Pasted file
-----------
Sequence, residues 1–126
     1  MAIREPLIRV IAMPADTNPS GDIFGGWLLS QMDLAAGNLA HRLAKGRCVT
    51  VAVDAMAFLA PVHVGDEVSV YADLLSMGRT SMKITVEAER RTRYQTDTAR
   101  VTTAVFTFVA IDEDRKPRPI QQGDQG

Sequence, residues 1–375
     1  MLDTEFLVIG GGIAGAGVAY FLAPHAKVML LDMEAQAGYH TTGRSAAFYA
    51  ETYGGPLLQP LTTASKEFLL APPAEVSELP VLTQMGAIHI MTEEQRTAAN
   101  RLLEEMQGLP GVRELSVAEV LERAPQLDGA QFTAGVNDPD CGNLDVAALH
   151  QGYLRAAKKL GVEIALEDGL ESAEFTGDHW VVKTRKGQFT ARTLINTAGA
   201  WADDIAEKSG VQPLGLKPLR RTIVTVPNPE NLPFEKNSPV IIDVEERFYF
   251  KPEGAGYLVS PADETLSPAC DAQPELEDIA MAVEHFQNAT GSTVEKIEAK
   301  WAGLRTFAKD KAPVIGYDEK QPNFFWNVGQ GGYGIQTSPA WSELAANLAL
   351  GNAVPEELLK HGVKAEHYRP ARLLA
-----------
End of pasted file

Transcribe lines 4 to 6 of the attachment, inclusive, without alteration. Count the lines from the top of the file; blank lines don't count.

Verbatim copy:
   101  VTTAVFTFVA IDEDRKPRPI QQGDQG

Sequence, residues 1–375
     1  MLDTEFLVIG GGIAGAGVAY FLAPHAKVML LDMEAQAGYH TTGRSAAFYA